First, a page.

A Day in the Life at the Team Tinkoff Training Camp
Gran Canaria is a Spanish island off of the coast of Morocco, which is the destination of choice for the Tinkoff-Saxo December training camp. The team has been coming here for several years as it ensures consistent weather, a perfect mixture of terrain, and quiet roads. If you haven’t heard of Gran Canaria you may have heard of another island in the Canary Island chain called Tenerife, which is where many of the top World Tour riders choose to do their high-altitude training camps.
Teams traditionally organize two separate two-week long training camps. The first is done at the beginning of December, and then second in early January in order to prepare the team for the season which starts in Australia in January. The camps are also a time to organize bike fits, conduct physiological testing and create team camaraderie.
The daily routine doesn’t change much within these camps and most teams have similar programs.
Starting the Day
Breakfast kicks off the day at 8:00AM. The food and coffee is always of high quality and includes a vast array of eggs, ham, cheese, bacon, bread, yogurt, fruit, cereals, and much more. No pancakes here though as there isn’t a lot of “carb loading” as you might expect. Most riders have a balance of protein and carbohydrates and a little fat.
Stretching and Core
It seems more teams are starting to incorporate a morning stretching and core work session to help with injury prevention and economy of movement on the bike. At Tinkoff-Saxo each morning session is led by an Italian personal trainer Riccardo Colucci starting at 9am. Since the weather in Gran Canaria tends to always be pleasant, these sessions are conducted outside and each rider has a yoga mat and stretch band which are used in some of the exercises.
At 10:00AM, the riders meet in the parking structure where the bikes are kept and collect bottles and food which includes items from Pro Bar, Etixx, and Secret Training, as well as bananas and small pastries.
Each rider’s year long training program is overseen by one of the team coaches or director sportifs. All directors and coaches have a TrainingPeaks Coach Edition account, which allows them to view the accounts of the riders they are responsible for. In addition, the team’s head coach Guiseppe Toni, better known as ‘Pino’, has access to every rider’s TrainingPeaks Athlete Edition account in order to access the training programs and advise the directors.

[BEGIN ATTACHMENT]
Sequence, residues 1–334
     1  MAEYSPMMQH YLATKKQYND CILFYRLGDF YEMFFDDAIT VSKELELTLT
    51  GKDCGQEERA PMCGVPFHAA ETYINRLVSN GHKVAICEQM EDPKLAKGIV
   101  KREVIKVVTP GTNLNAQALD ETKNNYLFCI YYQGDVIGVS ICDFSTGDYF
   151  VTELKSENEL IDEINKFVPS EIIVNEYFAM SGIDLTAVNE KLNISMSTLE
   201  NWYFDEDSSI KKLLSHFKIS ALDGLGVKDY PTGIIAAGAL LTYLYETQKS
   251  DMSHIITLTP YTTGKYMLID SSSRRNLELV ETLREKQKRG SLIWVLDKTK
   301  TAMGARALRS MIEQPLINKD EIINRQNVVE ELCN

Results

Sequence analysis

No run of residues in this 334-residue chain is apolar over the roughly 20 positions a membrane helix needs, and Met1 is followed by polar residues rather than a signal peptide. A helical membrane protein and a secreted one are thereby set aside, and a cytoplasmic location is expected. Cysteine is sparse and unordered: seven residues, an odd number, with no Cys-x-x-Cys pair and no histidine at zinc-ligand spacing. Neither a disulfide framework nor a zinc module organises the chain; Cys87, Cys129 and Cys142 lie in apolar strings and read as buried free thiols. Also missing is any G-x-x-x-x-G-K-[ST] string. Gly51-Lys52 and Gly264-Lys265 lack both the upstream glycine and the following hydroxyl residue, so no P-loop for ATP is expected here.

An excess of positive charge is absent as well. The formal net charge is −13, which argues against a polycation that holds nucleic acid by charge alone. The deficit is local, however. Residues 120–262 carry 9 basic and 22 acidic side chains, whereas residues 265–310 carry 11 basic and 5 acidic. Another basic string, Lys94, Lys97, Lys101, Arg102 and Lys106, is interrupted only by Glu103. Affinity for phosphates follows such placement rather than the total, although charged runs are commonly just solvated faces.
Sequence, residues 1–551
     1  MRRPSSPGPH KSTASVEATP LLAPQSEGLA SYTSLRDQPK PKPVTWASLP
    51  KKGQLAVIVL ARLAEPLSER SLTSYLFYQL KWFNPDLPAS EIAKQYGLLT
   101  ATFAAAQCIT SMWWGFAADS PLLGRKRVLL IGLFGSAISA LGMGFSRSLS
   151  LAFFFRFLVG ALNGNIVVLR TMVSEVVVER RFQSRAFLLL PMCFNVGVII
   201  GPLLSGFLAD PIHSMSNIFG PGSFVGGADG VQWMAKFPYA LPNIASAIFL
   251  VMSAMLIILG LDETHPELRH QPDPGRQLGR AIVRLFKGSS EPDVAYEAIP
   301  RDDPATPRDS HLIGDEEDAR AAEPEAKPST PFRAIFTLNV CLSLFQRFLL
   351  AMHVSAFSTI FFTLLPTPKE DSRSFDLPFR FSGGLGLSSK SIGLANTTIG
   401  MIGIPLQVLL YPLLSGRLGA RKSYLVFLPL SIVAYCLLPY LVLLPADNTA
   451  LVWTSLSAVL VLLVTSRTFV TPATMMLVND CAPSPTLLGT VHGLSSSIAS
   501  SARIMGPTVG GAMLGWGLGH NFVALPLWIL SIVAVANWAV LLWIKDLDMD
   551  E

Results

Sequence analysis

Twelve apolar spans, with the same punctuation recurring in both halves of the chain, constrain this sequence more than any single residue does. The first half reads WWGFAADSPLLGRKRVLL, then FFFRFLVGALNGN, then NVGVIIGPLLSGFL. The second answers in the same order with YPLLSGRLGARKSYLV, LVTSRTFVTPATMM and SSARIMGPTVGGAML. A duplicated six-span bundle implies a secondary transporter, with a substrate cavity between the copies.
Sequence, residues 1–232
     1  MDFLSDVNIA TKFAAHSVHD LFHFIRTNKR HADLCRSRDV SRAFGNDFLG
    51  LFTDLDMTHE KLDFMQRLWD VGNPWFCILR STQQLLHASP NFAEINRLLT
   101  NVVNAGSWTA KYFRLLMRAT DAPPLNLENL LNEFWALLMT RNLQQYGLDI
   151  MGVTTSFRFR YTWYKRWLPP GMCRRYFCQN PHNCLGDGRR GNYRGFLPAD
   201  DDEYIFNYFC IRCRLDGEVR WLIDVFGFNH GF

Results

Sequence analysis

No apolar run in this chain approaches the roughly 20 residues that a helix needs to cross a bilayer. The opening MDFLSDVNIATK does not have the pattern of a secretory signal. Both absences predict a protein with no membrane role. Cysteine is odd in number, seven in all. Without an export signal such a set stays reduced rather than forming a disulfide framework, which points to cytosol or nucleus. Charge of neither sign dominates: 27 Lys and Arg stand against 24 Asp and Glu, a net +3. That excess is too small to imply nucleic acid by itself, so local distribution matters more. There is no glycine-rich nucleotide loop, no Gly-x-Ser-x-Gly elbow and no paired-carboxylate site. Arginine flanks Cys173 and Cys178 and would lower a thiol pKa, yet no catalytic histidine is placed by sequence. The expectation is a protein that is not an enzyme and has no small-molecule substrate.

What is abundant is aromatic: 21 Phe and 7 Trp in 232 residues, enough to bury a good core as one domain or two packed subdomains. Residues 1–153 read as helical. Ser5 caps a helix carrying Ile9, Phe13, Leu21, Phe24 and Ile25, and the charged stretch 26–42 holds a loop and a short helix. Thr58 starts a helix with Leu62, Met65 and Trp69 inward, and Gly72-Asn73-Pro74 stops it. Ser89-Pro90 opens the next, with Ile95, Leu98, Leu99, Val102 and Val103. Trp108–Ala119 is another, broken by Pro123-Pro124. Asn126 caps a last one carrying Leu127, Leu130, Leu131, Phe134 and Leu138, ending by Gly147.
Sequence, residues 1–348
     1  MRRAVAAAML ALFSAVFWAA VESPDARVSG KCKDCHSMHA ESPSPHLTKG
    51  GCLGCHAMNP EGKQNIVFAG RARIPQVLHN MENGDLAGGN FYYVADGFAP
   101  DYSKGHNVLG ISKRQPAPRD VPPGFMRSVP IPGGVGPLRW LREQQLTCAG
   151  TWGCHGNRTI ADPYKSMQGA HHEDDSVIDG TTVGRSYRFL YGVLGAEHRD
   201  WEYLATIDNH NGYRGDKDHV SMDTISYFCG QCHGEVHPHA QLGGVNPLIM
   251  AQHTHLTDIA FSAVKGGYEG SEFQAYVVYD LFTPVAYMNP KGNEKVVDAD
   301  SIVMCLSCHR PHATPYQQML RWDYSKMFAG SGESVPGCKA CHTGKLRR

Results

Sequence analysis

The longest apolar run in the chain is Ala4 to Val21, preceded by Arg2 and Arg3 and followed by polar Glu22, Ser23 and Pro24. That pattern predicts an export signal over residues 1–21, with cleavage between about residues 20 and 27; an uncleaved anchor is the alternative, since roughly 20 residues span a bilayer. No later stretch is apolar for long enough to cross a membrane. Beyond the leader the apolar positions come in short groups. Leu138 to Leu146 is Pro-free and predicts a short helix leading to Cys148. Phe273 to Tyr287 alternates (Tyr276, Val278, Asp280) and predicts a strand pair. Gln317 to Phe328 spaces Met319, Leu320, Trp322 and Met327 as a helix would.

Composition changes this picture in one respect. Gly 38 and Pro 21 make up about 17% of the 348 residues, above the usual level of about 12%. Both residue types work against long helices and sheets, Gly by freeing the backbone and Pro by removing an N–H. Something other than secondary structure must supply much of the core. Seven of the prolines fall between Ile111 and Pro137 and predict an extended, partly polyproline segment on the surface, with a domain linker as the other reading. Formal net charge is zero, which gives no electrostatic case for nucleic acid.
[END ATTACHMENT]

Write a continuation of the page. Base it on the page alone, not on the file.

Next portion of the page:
The training schedule during the December training camp is typically three days of endurance riding followed by a day of rest. Besides general endurance rides, the team will also do structured training which includes low cadence strength intervals, medium (sub threshold) intervals, and top-end speed work. Twenty minute climbing tests are also scheduled to collect and quantify current fitness levels. Rest days are often times loose affairs where each rider can ride on their own and leave whenever they wish to.
Training sessions are personally monitored by the coaches and director sportifs that travel along in cars and sometimes on scooters. The riders don’t have to pack extra clothes and water in their jersey pockets since anything they need is close at hand in the cars.
Each rider has an SRM power meter on their Specialized road bike in order to record what their training load from that day’s workout. The ride data is uploaded to TrainingPeaks by the rider after each training session and the data is used to help monitor intensity levels during intervals.
Here’s a training file from Rafal Majka where he did a general endurance ride.
After the ride, the riders sit down to lunch around 3:00PM. This may seem late, but it is understandable when the riders do four to six hour training rides starting at 10:00AM. Lunch consists of a large salad bar in addition to the main items which rotate through a selection of chicken, fish, rice, a large selection of fruits and vegetables.
Afternoon Meetings and More
Afternoons are packed with meetings, testing sessions, massages, and nap time.
Each rider is run through a lactate threshold test conducted by Pino, which are used to create training zones and set a fitness benchmark. Bike fits are also conducted on each rider and managed by the experts at Retul and Specialized.
Meetings are also frequently conducted in the afternoons and consist of everything from discussing the upcoming season race program, training analysis, sponsor updates, equipment checks, photos, and interviews.
Dinner is more or less the same as lunch with a large selection of items. Meats on offer rotate between roast beef, steak, pork, chicken and fish. Again, traditional high-carb pasta meals are a thing of the past as riders are encouraged to eat nutrient dense foods and just the right amount of macronutrients. Desserts are light and are typically fruit, yogurt, and a delicious Spanish rice pudding (known as arroz con lecha). Alcohol is rarely ever consumed by the riders except for special occasions where a glass of local wine may be enjoyed.
As the riders retire to bed after dinner the night is just beginning for the staff as meetings are scheduled late into the night to plan the next day’s training and logistics.